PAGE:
Honey Hunter at work! (Picture Credit: The Guardian)
Treacherous cliff, swarm of angry bees and just a dangling slender rope ladder to hold your life – can anyone think of any other act as extreme as this?
This daring act is performed, every Spring and Autumn, by Gurung and Magar tribesmen of Annapurna region in a bid to harvest honey of the giant Himalayan wild bees from their nests overhanging on the vertical rock faces. This honey hunting practice is also found among other communities in lesser known areas like Dhading, Jharlang across Ganesh Himal and Arun Valley of Makalu Barun area. As this practice is carried out in an insanely extreme working condition by just using some primitive tools, it can be rightly called as a testament of perseverance and fortitude that equals any death defying endurance feat.
The honey hunter in the middle of nowhere (Picture Credit: National Geographic)
The whole ritual of honey hunting is carried out with great care – any misjudgment can be fatal, or at least be ominous! The activity starts right from choosing an auspicious day to carry out the hunt to appeasing the Forest spirits, which is as crucial as their survival in the wilderness! However, the core activity involves hanging from vertical cliffs as high as 300m using a hand-made ladder of bamboo and ropes to harvest the honeycombs from the nests of Apis Dorsata Laboriosa, the world’s largest honey bee. The nest can be found perched in the sheer rock face at an altitude ranging from 2500m to 3000m. But, strangely enough the hunters don’t use any additional gears and safety equipments. The only thing they seem to have is the faith in the Forest Spirits who they have appeased before starting the act.
Some bamboo poles, a basket and a hunter with faith larger than life; one needs to see it to believe it! (Picture Credit: Eric Valli)
The most intense situation starts when the hunter climbs the rope carrying a bamboo stick with a sharp end and a tuft of smoldering grass to make the bees confused. With every step upward, the climb becomes more edgy and the height more dizzying. After he reaches the nests, taking the opportune time when the bees are driven out, he pokes the honeycomb with the sharp end of the bamboo stick, and slices it off which is collected in a basket lowered by the helpers from above. Phew, it’s finally done but the hunter still has a long way to climb down safely to celebrate the success of his prized honey.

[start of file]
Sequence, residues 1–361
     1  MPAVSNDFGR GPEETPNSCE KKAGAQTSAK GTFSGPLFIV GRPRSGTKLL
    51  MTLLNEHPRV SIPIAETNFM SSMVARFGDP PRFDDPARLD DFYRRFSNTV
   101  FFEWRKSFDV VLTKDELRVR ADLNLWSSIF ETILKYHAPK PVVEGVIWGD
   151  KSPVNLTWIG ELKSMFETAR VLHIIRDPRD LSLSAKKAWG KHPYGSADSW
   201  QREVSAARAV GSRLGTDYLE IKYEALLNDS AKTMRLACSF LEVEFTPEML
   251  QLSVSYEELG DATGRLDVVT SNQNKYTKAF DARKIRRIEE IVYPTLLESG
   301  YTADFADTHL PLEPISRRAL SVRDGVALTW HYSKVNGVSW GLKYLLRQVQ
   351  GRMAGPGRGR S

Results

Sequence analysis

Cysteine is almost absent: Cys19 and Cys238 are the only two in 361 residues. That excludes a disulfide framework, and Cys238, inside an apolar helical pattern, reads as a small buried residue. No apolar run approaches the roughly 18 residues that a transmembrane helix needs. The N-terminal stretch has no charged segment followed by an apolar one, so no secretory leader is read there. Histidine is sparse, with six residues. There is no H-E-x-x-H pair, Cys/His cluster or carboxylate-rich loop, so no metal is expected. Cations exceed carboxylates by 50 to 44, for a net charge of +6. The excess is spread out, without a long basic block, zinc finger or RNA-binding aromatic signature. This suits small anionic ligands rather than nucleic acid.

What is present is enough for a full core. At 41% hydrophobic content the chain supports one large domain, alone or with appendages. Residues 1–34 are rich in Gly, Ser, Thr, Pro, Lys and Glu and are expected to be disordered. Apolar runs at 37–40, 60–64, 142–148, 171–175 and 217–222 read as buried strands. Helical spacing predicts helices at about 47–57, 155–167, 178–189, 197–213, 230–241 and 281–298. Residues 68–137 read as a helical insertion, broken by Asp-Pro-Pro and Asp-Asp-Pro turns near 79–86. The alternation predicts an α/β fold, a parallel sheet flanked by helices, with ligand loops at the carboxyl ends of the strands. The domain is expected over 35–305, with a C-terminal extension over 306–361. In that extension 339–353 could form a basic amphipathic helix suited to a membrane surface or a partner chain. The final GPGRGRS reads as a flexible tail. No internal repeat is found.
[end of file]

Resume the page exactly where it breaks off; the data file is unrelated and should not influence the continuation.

Why people risk their life? Does the battle against thousands of angered bees really worth it? Though the hallucinogenic quality and medicinal value has made the honey 7-8 times more valuable than the normal honey in the market, the reason doesn’t just seem enough. The way the tribesmen are giving continuity to the tradition with such reverence and dedication indicate to something deeper and subtler beyond our comprehension, something we may never understand.
The prized honey! (Picture Credit: Eric Valli)
Now, the practice is not just an esoteric ritual hunting limited to certain communities. Its antiquity, unsullied continuity and surreal appeal is making it increasingly popular among the curious minds. Thanks to Eric Valli and Diane Summers, the pioneer documentary makers who made this largely unobserved cultural practice known to the wider global audience. Now, there are many tour operators that are easing the curious travelers to honey hunting destinations. Though there is a wide range of award winning documentaries and videos on this practice, it is so out of the world that one needs to see it to believe it! [If you are interested in the tour, we are more than happy to make your adventure one of its kind.]
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